Thursday 4 March 2010

Land of the smiling sun

London Palace Hotel, Montevideo, Uruguay

The last boat I took was from Rosslare to Fishguard on my way back from Ballymaloe. I smuggled myself away in the premier lounge with about three other people in an attempt to distance myself from the baying mob of pikeys attacking the fruities downstairs.

The Buenos Aires - Montevideo catamaran bears a few similarities. It too takes around three and a half hours. It too crosses a stretch of water stained by the skidmarks of history. It too, has its fair share of chavs. But I'm in a better mood this time. No longer pensive and curling my hair with the nervous anxiety of a man who hasn't the faintest idea what he is doing - now I just don't have the faintest idea what I'm doing.

I rush off the ferry, determined to be one of the first in line for the cashpoint so I don't get skanked for a cab. But the scen to my left, across the harbour in the twilight, is special. Can I be arsed to stop, rummage through my bag for the camera, fuck about swapping lenses and take the shot? I hesitate. No, I can't be arsed. Or can I? I can. I stop. The chavs push past me, but I gladly relinquish my place in line and take my first picture in Uruguay.

I obligingly follow in the footsteps of many a seasoned traveller and get completely ripped off on the cab ride from the ferry terminal. This guy doubles up as some kind of bootleg bureau de change it would seem, and manages to shaft me both ways, in and out. He has a captive audience so I can't really complain. And asking him to take me to the London Palace Hotel, I guess I had it coming. He drives like a complete fucking lunatic. Five minutes later and about a tenner shorter and I am here.

For reasons that completely evade me, I am certain I will like Uruguay. Maybe it's because they have a big smiling sun on their flag? Who knows. From the window of my hurtling cab, I think I saw just enough of Montevideo to confirm my suspicions. That feeling you get, when you first arrive in a place? No question. There is a casual swagger to this city. An easy balance between splendour and decay. Tomorrow I take the camera, nothing else, and go for a walk. Something tells me it's going to be a good day.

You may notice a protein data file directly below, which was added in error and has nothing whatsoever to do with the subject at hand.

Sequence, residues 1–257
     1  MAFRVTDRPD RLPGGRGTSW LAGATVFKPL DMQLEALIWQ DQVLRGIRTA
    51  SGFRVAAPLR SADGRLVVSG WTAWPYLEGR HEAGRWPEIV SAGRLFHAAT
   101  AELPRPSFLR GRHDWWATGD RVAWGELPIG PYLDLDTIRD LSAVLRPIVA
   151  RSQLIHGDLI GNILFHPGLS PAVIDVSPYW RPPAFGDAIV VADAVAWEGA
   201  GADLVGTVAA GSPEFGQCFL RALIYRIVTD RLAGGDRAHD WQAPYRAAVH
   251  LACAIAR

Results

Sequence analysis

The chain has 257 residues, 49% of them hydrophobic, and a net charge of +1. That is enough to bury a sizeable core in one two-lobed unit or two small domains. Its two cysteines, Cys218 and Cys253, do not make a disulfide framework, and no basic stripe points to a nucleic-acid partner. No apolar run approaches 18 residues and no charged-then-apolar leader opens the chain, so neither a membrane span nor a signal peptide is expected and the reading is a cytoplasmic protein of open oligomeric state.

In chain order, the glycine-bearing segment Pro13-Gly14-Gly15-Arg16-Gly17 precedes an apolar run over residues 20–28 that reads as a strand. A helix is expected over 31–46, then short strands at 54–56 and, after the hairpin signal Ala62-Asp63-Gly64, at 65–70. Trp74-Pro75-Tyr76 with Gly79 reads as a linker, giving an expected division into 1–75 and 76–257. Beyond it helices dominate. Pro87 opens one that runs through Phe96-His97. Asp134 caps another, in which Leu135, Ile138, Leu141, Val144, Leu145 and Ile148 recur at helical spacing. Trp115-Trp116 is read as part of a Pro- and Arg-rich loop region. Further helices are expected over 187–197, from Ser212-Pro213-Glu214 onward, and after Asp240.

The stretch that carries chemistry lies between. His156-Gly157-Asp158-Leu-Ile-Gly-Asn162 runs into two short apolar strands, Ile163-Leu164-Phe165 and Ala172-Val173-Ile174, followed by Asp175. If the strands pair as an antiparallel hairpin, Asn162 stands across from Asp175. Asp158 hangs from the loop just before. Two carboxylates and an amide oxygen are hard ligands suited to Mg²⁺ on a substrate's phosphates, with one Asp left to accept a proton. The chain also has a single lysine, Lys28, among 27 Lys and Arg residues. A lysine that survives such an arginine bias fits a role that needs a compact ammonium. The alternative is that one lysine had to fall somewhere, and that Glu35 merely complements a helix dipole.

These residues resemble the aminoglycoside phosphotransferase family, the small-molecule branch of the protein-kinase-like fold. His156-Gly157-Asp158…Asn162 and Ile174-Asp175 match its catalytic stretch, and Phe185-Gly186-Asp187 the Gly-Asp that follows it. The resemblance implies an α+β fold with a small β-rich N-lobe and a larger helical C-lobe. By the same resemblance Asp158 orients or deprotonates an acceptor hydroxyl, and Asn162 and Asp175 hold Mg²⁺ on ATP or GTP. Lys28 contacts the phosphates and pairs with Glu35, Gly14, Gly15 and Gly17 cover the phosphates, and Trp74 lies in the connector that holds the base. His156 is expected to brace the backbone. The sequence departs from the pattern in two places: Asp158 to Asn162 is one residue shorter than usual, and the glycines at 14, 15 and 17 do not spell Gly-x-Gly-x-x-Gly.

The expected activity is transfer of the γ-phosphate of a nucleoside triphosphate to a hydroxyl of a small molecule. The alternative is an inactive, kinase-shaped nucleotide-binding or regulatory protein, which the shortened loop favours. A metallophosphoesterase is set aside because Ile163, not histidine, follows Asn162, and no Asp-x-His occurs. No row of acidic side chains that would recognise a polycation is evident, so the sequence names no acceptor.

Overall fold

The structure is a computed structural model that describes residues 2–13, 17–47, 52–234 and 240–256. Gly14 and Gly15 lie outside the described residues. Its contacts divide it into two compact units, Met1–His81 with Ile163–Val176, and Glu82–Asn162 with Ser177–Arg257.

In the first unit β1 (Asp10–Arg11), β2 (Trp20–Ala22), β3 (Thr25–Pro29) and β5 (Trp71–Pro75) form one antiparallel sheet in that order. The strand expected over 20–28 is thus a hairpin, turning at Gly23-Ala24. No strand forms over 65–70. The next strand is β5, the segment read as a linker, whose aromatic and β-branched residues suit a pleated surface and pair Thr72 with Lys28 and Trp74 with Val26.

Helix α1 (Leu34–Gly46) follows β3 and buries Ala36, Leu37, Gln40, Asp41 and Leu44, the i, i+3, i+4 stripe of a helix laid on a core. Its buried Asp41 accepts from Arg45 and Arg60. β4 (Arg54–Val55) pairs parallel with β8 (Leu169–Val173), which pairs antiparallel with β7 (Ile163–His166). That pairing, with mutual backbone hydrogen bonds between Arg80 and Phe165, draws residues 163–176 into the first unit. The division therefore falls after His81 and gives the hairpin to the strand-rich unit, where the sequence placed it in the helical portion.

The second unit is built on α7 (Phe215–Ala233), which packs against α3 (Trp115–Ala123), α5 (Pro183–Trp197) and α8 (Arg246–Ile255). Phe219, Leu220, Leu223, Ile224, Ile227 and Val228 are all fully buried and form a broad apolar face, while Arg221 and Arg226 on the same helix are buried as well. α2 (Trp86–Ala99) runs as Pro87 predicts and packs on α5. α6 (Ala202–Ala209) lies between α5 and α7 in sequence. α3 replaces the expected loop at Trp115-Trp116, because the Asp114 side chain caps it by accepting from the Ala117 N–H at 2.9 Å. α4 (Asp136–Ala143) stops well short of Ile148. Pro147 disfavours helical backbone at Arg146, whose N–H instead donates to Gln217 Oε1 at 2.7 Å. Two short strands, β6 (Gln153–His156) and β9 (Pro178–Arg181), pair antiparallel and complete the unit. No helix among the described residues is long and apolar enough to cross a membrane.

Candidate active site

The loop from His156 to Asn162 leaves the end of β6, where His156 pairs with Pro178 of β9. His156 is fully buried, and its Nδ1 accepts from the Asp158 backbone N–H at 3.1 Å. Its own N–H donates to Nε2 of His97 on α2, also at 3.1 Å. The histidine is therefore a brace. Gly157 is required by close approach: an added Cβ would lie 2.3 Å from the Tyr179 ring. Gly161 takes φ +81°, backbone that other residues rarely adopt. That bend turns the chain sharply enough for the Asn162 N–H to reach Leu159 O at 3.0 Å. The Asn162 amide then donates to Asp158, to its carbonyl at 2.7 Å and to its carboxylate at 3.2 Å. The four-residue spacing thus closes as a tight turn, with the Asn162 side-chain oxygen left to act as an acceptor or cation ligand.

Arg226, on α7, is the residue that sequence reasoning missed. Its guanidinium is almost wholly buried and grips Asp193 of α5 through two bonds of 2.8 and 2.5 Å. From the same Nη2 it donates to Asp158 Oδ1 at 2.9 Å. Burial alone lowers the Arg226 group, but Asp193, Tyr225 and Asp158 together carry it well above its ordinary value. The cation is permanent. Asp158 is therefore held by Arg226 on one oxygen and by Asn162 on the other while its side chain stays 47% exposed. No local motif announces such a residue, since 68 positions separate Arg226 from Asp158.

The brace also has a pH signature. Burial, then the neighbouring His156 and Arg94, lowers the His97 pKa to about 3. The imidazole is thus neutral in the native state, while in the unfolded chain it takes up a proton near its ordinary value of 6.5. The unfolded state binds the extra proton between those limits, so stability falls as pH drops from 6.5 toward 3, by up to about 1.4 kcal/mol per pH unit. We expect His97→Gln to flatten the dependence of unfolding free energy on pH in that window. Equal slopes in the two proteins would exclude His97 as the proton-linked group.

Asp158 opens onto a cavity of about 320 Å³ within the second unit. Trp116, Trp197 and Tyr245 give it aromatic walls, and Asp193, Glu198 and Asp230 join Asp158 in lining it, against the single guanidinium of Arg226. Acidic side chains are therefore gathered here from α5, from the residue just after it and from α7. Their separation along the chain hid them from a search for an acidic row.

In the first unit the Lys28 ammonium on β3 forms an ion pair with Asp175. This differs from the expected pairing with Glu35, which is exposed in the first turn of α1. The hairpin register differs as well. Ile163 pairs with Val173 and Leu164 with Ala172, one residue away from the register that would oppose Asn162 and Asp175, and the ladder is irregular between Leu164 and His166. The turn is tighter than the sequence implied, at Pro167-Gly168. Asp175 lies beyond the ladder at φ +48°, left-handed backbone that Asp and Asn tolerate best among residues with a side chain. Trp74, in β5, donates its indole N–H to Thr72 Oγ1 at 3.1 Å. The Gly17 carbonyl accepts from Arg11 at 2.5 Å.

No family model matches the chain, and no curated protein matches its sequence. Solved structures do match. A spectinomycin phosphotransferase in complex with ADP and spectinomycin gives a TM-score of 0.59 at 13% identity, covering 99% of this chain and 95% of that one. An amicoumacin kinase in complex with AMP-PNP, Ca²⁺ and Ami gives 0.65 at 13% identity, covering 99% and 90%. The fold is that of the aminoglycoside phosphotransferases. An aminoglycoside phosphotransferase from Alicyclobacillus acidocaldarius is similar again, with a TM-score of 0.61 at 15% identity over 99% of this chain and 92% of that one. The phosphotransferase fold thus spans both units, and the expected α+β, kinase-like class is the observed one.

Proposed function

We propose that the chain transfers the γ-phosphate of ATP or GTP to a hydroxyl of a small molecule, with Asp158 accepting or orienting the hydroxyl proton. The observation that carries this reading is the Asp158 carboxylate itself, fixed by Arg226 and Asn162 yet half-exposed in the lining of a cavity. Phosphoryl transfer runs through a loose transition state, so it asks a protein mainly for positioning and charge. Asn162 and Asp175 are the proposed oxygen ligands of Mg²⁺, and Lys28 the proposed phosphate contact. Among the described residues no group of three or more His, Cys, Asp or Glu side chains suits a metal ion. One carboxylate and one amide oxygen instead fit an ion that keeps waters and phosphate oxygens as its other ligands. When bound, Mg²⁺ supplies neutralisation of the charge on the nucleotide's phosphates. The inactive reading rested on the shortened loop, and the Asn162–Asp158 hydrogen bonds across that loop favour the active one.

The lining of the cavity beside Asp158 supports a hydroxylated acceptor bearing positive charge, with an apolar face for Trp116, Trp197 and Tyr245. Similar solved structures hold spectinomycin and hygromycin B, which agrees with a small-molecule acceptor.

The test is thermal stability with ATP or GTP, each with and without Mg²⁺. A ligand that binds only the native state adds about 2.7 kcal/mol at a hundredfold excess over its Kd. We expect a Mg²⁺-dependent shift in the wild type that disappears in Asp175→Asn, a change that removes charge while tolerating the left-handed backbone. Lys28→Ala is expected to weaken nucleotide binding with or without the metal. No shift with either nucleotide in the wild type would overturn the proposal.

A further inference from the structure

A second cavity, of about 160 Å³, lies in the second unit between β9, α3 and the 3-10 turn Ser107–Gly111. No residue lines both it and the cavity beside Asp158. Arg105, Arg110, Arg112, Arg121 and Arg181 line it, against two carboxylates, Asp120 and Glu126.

1. many years back i travelled through uruguay. came by bus from brazil, and as soon as you crossed the border you sensed being in a country with a very different view of itself. things may have changed but i remember thinking how brazil felt sorry for itself - the poor very much poor, and with no prospect of bettering themselves. uruguay, on the other hand, had a pride that was missing from brazil. the standards were higher, and people carried themselves with more confidence. it was if they'd sized up each of the two prominent neightbours and decided they wanted to be more like argentina than brazil.

    i wonder if luxembourg did/do that with holland and belgium?

    looking forward to seeing the shots. happy travels.

  2. Joe - you write so well - you've had me laughing out loud on my break at work. Slightly embarassing to be honest. I just wanted to say I'm relieved to hear you too have no idea what you are doing with your life! It's very comforting to know there are others out there...
    Lou X